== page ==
A multidisciplinary team from The University of Texas Medical Branch at Galveston has shown a dominant mutation D614G of the SARS-CoV-2 spike protein enhances viral replication in the upper respiratory airway, which may contribute to the increased transmission of COVID-19. This finding is important in understanding the evolution of SARS-CoV-2 as well as in the development of vaccines and therapeutic antibodies.The study is currently available in Nature.
“After the emergence of COVID-19, a mutation of D614G appeared in viral spike protein, the molecule that is responsible for binding to the cell receptor and initiating viral infection. This mutation quickly became dominant around the world. In patients, the mutant virus develops higher viral loads in the nasopharyngeal secretions than the original wild-type virus, suggesting the mutation may increase the viral fitness and, possibly, transmission,” said Pei-Yong Shi, professor at the department of Biochemistry & Molecular Biology at UTMB and senior author of the study. “In this study, we engineered the wild-type and mutant SARS-C0V-2 and compared their replication and pathogenesis in hamsters and human airway cell cultures. We also examined whether this mutation could affect the efficacy of vaccines that are currently in clinical trials.”
As part of the study, hamsters infected with wild-type or mutant virus developed similar levels of weight loss. This result suggests that the mutation does not affect the severity of the disease. However, the mutant virus produced higher levels of infectious virus in the nasal washes and trachea, which likely contribute to more efficient transmission. Higher levels of mutant virus were not found in the lungs. “The hamster results agree with clinical observations that the mutation enhances viral loads in the upper respiratory tract of COVID-19 patients, but the mutation is not associated with disease severity,” Shi said
According to Scott Weaver, director of the UTMB Institute for Human Infections and Immunity and co-senior author of the study, “Just as with the hamster studies, we found that the mutant virus produced significantly more infectious virus than the wild-type virus when infecting primary human airway cell cultures, demonstrating that the D614G mutation enhances viral replication in respiratory cells. In addition, when incubated at different temperatures, the mutant virus was more stable in maintaining its infectivity than the wild-type virus. These features could contribute to the higher levels of viral replication in tissue culture and hamsters as well as more efficient transmission.”
The study also compared the sensitivities between the wild-type and mutant viruses to antibody inhibition. They found that the mutation does not make the virus less sensitive to antibody neutralization and the mutant virus is slightly more sensitive to antibody inhibition than the wild-type virus. Since all COVID-19 vaccines currently under clinical development are built on the wild-type spike sequence, there was a concern that the D614G mutation might weaken the vaccine efficacy against the circulating mutant virus, or affect therapeutic antibody treatments. The results of this study have mitigated that concern.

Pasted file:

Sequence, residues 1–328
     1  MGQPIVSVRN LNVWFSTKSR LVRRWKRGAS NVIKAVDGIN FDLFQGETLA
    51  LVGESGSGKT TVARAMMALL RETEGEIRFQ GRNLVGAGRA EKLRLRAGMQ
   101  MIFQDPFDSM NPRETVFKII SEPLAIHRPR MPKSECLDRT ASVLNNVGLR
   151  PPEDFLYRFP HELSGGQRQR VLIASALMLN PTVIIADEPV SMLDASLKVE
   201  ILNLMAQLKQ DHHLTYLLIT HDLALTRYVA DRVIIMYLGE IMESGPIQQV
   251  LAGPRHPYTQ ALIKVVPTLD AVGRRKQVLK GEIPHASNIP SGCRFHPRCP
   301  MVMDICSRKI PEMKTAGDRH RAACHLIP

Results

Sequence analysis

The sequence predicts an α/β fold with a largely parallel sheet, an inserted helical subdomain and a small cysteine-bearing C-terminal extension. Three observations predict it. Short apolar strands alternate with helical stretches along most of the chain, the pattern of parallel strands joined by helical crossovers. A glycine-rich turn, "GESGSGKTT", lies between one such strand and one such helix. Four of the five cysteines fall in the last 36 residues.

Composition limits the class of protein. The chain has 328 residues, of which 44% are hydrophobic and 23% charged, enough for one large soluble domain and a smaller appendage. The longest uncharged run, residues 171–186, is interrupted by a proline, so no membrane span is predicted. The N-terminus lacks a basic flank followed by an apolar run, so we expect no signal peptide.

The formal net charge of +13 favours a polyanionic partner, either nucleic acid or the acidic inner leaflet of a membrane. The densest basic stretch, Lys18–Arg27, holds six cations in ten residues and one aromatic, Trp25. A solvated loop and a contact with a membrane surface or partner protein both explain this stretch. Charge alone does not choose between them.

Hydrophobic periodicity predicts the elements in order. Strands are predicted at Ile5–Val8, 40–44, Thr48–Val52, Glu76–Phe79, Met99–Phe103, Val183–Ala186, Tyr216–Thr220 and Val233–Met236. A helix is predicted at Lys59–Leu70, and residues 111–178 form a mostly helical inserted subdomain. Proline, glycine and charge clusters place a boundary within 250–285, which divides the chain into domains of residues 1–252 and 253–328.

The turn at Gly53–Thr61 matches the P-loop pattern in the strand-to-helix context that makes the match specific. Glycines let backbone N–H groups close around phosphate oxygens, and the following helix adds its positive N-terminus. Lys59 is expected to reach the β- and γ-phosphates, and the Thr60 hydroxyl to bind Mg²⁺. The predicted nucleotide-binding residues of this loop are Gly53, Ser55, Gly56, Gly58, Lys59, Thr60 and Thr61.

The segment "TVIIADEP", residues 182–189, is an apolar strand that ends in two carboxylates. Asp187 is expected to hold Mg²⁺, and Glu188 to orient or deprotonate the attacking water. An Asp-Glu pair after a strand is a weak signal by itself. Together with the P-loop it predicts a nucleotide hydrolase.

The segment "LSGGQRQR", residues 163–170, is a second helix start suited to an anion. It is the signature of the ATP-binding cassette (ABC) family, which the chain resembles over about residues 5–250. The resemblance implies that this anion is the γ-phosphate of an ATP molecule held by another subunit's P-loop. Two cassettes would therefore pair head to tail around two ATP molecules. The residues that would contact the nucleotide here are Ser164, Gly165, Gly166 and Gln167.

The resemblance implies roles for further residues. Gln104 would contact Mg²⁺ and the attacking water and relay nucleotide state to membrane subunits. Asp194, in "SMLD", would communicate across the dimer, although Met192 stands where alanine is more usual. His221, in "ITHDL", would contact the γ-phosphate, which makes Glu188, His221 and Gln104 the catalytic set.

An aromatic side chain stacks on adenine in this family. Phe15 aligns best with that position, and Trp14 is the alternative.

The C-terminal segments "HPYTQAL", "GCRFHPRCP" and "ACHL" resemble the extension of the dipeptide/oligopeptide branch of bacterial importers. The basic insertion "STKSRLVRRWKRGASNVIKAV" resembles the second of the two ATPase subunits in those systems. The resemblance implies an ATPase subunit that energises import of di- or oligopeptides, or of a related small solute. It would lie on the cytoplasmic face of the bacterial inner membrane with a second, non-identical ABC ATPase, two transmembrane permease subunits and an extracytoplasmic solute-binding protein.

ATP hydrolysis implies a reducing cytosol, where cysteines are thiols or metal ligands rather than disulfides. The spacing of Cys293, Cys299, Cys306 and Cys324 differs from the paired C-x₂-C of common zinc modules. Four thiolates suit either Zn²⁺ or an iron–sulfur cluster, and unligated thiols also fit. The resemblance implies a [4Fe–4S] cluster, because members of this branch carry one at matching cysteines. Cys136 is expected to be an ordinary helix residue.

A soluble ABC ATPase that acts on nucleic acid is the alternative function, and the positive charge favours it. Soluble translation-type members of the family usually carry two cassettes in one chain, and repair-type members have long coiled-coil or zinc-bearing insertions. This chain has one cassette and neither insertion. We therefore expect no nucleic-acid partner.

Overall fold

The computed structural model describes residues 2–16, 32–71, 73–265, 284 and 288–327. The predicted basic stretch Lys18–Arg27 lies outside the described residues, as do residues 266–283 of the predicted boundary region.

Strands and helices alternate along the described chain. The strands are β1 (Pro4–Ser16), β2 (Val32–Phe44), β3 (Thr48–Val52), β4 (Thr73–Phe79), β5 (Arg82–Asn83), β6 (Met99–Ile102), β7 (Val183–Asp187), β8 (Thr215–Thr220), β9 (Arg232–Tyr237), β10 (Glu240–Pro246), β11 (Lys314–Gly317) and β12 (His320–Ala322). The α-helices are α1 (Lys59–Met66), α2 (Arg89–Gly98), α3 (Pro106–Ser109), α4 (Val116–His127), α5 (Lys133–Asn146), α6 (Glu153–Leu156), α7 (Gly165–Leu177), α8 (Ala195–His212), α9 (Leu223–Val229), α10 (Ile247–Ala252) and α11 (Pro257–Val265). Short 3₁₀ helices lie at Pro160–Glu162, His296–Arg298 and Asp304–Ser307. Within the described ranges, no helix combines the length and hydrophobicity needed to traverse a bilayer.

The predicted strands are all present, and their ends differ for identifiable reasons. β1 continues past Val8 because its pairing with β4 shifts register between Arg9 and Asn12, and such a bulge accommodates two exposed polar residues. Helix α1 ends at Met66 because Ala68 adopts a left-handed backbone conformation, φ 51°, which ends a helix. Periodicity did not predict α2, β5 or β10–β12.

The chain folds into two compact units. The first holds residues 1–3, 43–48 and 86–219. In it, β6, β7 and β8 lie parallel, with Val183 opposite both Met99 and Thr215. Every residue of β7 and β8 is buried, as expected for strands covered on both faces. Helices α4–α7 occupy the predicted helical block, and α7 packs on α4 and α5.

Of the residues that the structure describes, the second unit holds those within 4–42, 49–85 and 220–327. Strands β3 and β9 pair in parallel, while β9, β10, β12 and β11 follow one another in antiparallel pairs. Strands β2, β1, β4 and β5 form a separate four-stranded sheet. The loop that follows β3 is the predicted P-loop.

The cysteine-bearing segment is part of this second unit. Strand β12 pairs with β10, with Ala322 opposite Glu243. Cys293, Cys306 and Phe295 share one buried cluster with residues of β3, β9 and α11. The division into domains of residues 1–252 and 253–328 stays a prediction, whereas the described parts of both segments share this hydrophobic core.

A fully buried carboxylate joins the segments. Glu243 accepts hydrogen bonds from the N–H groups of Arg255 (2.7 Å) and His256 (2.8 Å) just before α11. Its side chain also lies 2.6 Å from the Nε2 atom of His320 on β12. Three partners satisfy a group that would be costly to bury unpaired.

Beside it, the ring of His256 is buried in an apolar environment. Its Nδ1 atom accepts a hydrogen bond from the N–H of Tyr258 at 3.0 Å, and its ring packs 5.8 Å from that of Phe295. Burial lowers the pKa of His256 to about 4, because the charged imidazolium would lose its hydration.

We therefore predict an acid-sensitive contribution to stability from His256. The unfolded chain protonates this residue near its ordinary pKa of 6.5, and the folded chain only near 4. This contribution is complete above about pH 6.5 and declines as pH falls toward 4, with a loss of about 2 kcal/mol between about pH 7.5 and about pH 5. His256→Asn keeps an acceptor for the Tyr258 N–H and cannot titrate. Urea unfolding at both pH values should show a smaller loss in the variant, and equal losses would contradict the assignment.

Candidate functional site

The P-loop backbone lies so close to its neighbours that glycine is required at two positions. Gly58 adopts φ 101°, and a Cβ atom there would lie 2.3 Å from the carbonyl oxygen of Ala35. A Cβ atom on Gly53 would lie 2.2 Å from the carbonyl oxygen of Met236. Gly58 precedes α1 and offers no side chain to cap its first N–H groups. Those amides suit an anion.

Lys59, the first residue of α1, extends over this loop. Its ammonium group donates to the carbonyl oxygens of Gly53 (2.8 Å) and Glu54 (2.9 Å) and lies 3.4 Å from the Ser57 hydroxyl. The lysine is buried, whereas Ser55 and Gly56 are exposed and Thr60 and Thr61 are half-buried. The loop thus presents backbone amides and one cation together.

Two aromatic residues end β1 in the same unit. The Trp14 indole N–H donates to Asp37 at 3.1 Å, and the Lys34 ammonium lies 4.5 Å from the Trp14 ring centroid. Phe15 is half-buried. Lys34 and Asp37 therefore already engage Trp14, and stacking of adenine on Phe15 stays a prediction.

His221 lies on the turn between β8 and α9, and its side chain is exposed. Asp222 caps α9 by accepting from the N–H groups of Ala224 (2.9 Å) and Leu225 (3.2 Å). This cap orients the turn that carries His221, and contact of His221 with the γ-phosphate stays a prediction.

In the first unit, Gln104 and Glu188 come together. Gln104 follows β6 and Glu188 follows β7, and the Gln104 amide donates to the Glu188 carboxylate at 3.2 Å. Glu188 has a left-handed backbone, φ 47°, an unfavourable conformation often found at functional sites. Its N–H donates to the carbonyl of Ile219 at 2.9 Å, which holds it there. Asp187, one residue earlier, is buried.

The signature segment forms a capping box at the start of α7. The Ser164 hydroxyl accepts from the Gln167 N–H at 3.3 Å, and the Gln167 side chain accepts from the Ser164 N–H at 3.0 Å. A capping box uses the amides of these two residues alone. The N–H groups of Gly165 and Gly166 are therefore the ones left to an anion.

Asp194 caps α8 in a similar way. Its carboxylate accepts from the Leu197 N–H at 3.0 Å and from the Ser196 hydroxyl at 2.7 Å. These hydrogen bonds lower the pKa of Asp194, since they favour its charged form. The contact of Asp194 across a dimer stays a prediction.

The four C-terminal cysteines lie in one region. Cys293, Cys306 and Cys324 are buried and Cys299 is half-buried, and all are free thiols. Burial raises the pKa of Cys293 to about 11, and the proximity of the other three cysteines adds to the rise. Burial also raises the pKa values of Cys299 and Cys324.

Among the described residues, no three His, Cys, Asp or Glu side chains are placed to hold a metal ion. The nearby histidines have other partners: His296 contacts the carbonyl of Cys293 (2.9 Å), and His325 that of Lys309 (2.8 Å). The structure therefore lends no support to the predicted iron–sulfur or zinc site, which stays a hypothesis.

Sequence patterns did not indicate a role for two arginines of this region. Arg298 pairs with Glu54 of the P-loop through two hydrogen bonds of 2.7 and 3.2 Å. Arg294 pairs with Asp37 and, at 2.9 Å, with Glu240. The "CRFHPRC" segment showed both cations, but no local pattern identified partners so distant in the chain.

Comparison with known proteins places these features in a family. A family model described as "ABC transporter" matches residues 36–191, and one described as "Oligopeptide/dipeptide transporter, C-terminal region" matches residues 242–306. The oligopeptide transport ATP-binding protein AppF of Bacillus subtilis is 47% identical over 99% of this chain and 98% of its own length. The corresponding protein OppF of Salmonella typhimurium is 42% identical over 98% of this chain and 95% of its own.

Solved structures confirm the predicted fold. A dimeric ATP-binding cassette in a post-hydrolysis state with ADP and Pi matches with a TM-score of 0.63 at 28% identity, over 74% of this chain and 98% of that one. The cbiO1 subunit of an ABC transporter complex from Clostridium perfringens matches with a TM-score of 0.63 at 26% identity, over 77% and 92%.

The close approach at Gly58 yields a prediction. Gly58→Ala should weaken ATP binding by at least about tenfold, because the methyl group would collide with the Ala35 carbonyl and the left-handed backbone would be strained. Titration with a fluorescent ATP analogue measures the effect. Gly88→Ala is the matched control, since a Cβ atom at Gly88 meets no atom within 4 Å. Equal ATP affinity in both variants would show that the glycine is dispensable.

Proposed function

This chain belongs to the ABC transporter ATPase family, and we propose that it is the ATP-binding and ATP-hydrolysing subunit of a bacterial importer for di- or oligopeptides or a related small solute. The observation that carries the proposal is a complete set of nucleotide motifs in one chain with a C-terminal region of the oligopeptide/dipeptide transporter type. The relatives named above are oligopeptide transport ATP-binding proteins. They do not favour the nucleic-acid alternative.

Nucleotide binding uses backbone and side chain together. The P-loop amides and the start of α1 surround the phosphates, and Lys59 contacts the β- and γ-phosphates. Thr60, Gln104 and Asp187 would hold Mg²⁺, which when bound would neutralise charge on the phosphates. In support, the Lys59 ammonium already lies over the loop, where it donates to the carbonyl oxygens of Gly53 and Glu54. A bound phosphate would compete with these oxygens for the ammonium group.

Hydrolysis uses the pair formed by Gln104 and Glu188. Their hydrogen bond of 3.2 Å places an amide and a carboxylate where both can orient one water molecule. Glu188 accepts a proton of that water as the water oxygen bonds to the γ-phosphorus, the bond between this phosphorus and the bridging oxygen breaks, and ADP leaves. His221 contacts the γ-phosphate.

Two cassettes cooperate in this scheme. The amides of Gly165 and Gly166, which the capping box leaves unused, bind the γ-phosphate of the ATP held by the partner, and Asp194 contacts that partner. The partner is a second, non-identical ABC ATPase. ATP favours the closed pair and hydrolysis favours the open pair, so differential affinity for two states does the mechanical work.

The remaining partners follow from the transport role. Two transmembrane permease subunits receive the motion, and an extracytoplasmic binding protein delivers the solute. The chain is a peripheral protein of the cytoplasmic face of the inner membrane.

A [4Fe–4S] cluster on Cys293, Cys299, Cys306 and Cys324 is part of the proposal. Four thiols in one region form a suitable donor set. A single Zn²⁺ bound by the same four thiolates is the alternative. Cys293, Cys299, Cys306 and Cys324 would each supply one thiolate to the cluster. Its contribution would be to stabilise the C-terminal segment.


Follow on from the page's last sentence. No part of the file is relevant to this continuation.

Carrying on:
The UTMB study is different from the previous reports about the D614G mutation. The UTMB team analyzed the mutation in the context of authentic SARS-CoV-2, whereas all previous studies used pseudotyped viruses where SARS-CoV-2 spike protein was examined in the context other types of viruses. Some of the results from the authentic SARS-CoV-2 study did not fully agree with findings from the pseudotyped virus. The discrepancy underlines the importance of validating these kinds of results with the real SARS-CoV-2.
“Two important questions remain to be experimentally addressed,” Weaver said. “First, a transmission experiment is needed to directly demonstrate that a higher level of mutant virus in the upper respiratory tract results in more efficient transmission than the wild-type virus. Second, besides the D614G mutation, there are three other associated mutations in circulating viruses. Further experiments are needed to determine whether these mutations also contribute to COVID-19 transmission and disease development.”
Other authors include UTMB’s Jessica Plante, Yang Liu, Jianying Liu, Hongjie Xia, Xuping Xie, Kennetgh Plante, Bryan A. Johnson, Kumari G. Lokugamage, Xianwen Zhang, Antonio E. Muruato, Jing Zou, Camila R. Fontes-Garfias, Divya Mirchandani, Dionna Scharton, Birte Kalveram, Alexander N. Freiberg, Vineet D. Menachery, Xuping Xie, and Kenneth S. Plante. John P. Bilello from Gilead Sciences and Zhiqiang Ku and Zhiqiang An from University of Texas Health Science Center at Houston.
To implement this study, the UTMB team received grants from National Institutes of Health and philanthropic support from the Sealy & Smith Foundation, the Robert J. Kleberg, Jr. and Helen C. Kleberg Foundation; the John S. Dunn Foundation; the Amon G. Carter Foundation; the Gillson Longenbaugh Foundation; the Summerfield G. Roberts Foundation.